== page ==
This year Yom HaAtzmaut is on Thursday, April 26, 2012.
So, probably you wanna know what I'm gonna make. It's not like Shavuos where I wait for an excuse to make cheesecake, I don't really wait for Yom HaAtzmaut to make Israeli food. Hummus and Tahina are staples in our house - we eat them with everything from chicken nuggets, to pizza and on salads. Other middle eastern dips like Turkish salad and babaganoush are slathered in between butterflied potato borekas or smothered on spicy beef cigars weekly at our shabbos table and we eat falafel like it's going out of style.
In the last few years boneless, skinless dark meat chicken cutlets have hit the scene and I am so thankful we here stateside have caught up with what they call pargiot in Israel. Pargiot, aka dark meat chicken cutlets are moist, tender, juicy and perfect for an easy homemade shawarma. My local supermarket offers them as cutlets, nuggets and fingers but you can easily cut strips from the cutlets yourself by using a sharp knife - make 'em about 1-inch wide and the length of the cutlet. Yes, yes, yes if you are in the know then you know traditional shawarma is shaved lamb, chicken, turkey, beef or a mixture thereof but this quick & kosher version gives you the same taste, in a fast family friendly version that will take you but minutes to make for dinner. There are a few available shawarma spice blends available on the market -- making my life all that much easier. But if you can't find it make you own shawarma spice by combing: 1 tablespoon each coriander, cumin, cardamom, chili powder, steak seasoning plus 1 teaspoon smoked paprika . Stuff your shawarma in pita pockets with "chips" an absolute must, and of course by "chips" I mean fries when I am talking Israeli food and then add in whatever you like. We of course go for hummus and tahina and I like lots of shredded fresh crunchy lettuce.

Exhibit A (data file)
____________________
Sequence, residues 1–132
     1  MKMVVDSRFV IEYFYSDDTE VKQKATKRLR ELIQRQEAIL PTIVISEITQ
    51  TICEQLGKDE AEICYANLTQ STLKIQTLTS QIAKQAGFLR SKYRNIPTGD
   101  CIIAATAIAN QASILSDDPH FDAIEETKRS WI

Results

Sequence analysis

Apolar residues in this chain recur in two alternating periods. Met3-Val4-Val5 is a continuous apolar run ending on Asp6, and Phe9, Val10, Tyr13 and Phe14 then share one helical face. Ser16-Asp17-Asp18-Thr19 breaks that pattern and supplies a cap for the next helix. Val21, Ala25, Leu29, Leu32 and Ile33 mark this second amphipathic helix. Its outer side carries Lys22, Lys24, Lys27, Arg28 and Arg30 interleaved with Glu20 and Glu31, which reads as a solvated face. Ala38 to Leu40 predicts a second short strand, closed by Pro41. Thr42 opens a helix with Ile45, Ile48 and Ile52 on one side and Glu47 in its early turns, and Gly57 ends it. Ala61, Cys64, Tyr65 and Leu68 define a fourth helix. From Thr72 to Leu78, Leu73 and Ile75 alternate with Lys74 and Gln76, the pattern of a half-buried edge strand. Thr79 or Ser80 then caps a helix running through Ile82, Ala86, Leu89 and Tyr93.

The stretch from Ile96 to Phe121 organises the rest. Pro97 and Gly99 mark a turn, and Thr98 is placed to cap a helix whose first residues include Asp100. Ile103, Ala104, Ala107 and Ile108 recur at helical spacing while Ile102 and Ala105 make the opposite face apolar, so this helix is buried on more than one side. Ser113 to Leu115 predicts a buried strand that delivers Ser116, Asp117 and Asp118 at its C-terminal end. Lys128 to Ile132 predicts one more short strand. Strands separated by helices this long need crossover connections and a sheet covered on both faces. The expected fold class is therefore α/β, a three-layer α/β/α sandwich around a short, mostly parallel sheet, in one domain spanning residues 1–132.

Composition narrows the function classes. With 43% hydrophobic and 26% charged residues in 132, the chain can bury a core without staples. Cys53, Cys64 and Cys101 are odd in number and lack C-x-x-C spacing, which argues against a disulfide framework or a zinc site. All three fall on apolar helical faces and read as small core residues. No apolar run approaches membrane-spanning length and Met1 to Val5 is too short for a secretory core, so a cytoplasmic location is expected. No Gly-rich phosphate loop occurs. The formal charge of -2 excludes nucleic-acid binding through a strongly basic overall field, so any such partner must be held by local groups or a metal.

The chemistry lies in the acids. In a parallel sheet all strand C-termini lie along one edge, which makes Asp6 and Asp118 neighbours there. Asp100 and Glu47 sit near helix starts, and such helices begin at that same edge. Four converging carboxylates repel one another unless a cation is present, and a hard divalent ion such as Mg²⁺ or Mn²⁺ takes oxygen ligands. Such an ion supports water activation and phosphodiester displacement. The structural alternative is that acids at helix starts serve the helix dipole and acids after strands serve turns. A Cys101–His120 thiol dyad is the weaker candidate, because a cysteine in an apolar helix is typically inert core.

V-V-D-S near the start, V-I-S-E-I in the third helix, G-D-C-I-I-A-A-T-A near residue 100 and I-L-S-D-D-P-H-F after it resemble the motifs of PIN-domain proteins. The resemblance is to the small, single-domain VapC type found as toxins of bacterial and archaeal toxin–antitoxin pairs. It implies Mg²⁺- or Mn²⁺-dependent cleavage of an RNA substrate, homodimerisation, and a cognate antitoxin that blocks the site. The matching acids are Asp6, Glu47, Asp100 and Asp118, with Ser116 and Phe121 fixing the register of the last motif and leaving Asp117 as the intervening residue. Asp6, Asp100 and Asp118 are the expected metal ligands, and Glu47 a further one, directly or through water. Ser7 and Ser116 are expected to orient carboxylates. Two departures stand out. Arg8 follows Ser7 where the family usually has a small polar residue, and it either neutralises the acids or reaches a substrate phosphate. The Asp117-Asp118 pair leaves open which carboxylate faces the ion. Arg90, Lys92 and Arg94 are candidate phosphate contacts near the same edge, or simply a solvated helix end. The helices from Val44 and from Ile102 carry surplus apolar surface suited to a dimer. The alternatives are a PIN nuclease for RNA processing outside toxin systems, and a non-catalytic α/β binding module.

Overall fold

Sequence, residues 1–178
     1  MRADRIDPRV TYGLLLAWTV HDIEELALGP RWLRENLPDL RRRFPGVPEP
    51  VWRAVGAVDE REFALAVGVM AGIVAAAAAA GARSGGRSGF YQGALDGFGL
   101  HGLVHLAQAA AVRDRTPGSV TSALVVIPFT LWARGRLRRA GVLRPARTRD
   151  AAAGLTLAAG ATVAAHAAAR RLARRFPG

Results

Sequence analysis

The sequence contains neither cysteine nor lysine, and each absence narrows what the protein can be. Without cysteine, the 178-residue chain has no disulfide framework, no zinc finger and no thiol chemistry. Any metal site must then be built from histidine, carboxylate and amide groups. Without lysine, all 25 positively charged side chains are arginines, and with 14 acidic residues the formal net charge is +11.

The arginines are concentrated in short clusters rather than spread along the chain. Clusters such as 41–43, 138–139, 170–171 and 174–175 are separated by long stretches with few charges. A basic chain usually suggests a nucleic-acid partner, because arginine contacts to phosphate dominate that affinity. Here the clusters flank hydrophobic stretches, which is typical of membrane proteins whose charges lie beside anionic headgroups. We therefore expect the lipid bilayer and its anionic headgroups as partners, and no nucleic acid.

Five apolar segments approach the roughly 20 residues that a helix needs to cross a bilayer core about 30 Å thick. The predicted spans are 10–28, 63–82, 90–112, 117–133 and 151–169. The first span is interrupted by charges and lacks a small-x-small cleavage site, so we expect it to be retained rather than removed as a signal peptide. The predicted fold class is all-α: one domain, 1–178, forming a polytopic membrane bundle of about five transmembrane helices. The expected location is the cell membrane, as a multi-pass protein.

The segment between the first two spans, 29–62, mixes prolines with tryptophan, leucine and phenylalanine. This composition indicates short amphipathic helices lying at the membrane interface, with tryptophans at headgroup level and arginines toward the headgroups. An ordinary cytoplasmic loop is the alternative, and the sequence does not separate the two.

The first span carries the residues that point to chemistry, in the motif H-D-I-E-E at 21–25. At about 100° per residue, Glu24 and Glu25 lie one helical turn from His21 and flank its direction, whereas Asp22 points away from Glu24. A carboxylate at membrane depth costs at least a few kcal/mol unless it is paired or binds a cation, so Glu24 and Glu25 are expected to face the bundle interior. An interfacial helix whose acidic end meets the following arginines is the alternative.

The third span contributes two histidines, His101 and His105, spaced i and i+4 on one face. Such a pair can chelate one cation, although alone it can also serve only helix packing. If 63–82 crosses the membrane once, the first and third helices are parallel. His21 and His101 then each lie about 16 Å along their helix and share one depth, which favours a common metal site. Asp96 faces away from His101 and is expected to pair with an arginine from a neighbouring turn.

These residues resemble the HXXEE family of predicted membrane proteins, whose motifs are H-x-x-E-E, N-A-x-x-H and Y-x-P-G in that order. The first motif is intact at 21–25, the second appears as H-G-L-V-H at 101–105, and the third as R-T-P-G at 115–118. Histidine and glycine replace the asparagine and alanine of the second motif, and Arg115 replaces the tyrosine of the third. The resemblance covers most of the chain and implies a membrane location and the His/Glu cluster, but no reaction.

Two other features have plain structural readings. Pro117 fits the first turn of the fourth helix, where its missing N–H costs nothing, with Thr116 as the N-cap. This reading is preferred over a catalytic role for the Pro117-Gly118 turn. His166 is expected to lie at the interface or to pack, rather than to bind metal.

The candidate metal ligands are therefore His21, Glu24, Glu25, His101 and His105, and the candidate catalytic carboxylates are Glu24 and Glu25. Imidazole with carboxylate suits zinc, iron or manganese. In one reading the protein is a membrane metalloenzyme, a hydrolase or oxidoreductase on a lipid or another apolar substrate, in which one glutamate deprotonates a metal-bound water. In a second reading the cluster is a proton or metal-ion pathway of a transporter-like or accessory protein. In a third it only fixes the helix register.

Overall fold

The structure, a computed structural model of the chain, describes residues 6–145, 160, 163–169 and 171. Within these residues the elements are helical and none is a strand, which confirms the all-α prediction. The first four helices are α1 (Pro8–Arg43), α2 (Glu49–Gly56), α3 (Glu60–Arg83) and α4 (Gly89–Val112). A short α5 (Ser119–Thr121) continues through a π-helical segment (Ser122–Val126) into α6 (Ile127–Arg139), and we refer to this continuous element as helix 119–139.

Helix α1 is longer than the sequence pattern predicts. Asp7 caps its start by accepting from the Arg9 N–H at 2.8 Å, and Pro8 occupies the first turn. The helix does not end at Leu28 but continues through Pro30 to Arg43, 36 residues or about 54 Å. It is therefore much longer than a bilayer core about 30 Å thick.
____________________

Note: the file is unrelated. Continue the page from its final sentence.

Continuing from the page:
If you love Israeli food in addition to a ready to go shawarma spice mix you should also have two more spices in your cabinet, always. Za'atar and Sumac. Za'atar is roughly a mix of oregano, basil, thyme, rosemary, hyssop, sesame seeds, sumac and salt and I love combining it with olive oil plus a touch more kosher or sea salt and dipping my challah into it. Simply beyond anything else you have ever experienced when it comes to challah condiments. Sumac a purplish red spice while often interchanged with paprika because of the look actually has an unmistakable and quite remarkable tangy lemony flavor -- great on fish and meat, in salads and on hummus.
We love, love, love! Israel in our house and have a dream to move there G-d Willing sometime soon. Until then let's dream up our favorite Israeli foods in honor of Yom HaAtzmaut.
What are your favorites?
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For more Israel Independence Day posts see: